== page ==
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Geographic Distribution of Ticks in the United States - CDC Maps 2012

From The Redlands Daily News

Tick took away her high school time

Staff Writer

REDLANDS Tiffany Smith was an average teenager, singing, practicing the piano and playing tennis at Arrowhead Christian Academy,
when a bite from a 
tick five years ago changed her life.

Today, she is one of thousands afflicted with Lyme disease, a debilitating disorder with many symptoms. The disease forced Tiffany to
miss almost all four years of high school. She also had to endure countless MRIs, spinal taps, and blood tests before her ailment was finally
diagnosed over a year after she was

Like Tiffany a few years ago, countless people are suffering from unknown maladies, which with a little more information could correctly
be diagnosed as Lyme Disease. This is what California Lyme Disease Association members are hoping to combat.

May 4 through 10 marks the first Lyme Disease Awareness Week, which the association was instrumental in organizing. While Lyme
disease-carrying ticks have been reported in all but two counties in California (Alpine and Modoc), many doctors are unfamiliar with the
disease. "Lyme awareness, education, and prevention is a critical public health issue," according to the association.

Lyme disease occurs world-wide and is a "hidden epidemic in California," according to association President Phyllis Mervine. Next to
AIDS, it is the fastest-growing disease in the United States.

Farmers, ranchers, foresters and others who work outdoors, in addition to those who are outdoors recreationally, are at high risk for
acquiring Lyme disease. Birds, mice, and other animals found in cities can carry ticks, leaving urban areas at risk as well.

Lyme disease was first recognized in Lyme, Conn., in 1975. It has since become the most frequently reported vector-borne disease
in the United States. During 2002, 23,763 cases were recorded by the Centers for Disease Control. Twenty-five percent of Lyme patients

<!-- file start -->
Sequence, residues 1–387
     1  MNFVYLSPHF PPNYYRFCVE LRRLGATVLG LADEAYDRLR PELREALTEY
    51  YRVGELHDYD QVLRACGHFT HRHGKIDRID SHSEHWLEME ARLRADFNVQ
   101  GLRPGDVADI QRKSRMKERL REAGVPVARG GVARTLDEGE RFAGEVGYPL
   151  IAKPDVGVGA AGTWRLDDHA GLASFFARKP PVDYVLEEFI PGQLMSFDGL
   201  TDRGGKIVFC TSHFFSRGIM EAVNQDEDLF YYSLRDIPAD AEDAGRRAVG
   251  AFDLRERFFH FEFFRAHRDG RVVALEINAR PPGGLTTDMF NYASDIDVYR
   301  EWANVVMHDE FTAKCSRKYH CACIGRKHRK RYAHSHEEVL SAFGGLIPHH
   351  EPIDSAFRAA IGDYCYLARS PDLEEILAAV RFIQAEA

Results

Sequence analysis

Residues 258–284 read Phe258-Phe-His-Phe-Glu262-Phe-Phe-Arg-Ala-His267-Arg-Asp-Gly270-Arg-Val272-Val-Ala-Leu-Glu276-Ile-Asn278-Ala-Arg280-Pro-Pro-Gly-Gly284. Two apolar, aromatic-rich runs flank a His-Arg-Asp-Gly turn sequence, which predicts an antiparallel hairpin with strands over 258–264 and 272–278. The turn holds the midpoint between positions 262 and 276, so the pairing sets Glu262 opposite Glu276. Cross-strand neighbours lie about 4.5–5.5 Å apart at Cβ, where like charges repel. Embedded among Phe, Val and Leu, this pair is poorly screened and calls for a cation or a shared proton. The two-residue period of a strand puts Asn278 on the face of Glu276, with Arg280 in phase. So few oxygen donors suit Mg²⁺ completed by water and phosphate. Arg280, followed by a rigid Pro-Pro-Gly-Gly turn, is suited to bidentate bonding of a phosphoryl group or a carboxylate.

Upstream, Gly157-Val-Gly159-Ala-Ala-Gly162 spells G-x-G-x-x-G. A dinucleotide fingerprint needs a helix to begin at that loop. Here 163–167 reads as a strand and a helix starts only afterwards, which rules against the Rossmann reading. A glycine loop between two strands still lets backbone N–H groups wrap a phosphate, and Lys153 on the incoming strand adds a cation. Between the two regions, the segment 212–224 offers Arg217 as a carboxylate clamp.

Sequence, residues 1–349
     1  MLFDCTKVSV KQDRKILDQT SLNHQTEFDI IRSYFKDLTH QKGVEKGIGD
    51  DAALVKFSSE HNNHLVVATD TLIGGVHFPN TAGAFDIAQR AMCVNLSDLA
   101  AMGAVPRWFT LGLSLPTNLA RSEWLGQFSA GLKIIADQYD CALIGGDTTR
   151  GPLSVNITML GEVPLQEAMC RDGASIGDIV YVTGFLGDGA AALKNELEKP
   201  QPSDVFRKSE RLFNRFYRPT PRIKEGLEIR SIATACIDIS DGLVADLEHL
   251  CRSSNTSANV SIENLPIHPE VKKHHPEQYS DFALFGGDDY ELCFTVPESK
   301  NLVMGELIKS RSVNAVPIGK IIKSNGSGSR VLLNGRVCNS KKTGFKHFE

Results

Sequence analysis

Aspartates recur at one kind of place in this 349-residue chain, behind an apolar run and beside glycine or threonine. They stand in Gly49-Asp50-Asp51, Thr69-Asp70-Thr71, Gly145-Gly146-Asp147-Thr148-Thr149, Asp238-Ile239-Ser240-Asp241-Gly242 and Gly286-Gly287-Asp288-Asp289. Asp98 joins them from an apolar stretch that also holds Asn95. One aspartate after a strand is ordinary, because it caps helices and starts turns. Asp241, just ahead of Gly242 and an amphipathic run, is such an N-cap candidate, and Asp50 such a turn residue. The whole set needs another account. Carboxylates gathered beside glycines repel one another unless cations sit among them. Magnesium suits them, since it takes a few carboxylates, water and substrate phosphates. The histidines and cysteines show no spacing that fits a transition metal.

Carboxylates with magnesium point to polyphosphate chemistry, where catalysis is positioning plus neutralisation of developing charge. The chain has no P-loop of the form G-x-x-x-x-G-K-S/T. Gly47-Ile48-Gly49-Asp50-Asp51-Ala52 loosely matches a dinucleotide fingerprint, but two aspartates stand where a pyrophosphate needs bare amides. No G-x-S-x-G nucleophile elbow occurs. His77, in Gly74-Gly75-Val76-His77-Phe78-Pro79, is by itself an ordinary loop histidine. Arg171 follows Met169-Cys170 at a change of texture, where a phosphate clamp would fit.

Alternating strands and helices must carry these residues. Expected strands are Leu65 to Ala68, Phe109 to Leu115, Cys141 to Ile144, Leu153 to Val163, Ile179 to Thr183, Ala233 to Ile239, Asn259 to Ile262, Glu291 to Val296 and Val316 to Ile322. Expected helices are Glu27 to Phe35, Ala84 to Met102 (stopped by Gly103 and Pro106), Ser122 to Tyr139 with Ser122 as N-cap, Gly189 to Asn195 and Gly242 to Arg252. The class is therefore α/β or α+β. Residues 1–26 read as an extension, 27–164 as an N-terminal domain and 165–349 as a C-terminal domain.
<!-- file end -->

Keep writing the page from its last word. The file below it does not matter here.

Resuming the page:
reported nationwide are children under 15.

Lyme disease is called "the great imitator" because it takes on the symptoms of several other diseases. Common symptoms include fever,
 fatigue, arthritis, arrhythmia, cognitive dysfunction, headache, swollen glands and aching muscles.

Tiffany had more than 30 symptoms of the disease, according to her mother, Carol Smith, the San Bernardino County contact person for
the association.

"She was having horrible headaches and couldn't focus on anything," Carol said. "Her joints began to ache and she couldn't hold up her tennis racket.
She tried to go to school but it was too hard."

Also, Lyme disease can be complicated by additional infections. Ticks in California may also carry ehrlichia, a disease that infects horses;
babesia, a malaria-like parasite that infects red blood cells; and tularemia, or rabbit fever, which is a potential bioterrorism agent.

The painless bite of a poppy-seed-sized nymphal tick is the most common cause of human cases. Half of those suffering from Lyme disease
do not recall a bite. "Nymphs hatch out in late spring," Mervine explained. "They are common in leaf litter under deciduous trees, especially
under oaks or where mice are numerous. Sitting on downed logs is especially risky, since nymphal ticks climb up on them."

This is exactly how Tiffany was infected. At the age of 14, while attending a church camp, Tiffany sat on a log, and was treated for what
the nurse believed was a splinter. Her symptoms appeared a few months later. She wasn't correctly diagnosed with Lyme disease until
she was 15 1/2.

Prevention is key to avoiding Lyme disease. First, avoid tick-infested areas. Wear white clothes, so the tiny, dark ticks can be visible.
Also, wear long sleeves, socks and a hat, and tuck shirts into pants, and pants into boots. Wash clothing thoroughly after being exposed to ticks,
and apply DEET repellent, such as Skintastic or Off, to skin not covered by clothing.

In the event of a tick bite, grasp the tick as close to the skin as possible with tweezers or a special tick-removing tool, and pull it
straight out. Avoid getting fluids from the tick on bare skin. Disinfect the bite site, and if possible, save the tick for testing. Watch the area
for several weeks in the event of a rash developing, and contact your physician.

Today, thanks to treatment, Tiffany is feeling much better than when she was still undiagnosed.

"I couldn't have survived without the support of my family, my friends and my church," she said. "It was hard at the beginning,
because everything was going downhill and nothing checked out. We hit a lot of dead ends. It was like living in a nightmare."

She plans on getting her GED within the next year, and is leaning toward attending Abilene Christian University in Texas, where
she will major in music. She is now taking private voice lessons and wants to someday write film scores or Christian songs.

Both Tiffany and Carol hope that Lyme Disease Awareness Week spreads the word about a misunderstood disease to an
uninformed population.

"We don't want anyone else to go through this," said Carol. "We really want to spread the word."
Information: CALDA at , Centers for Disease Control and Prevention at
or e-mail Carol Smith at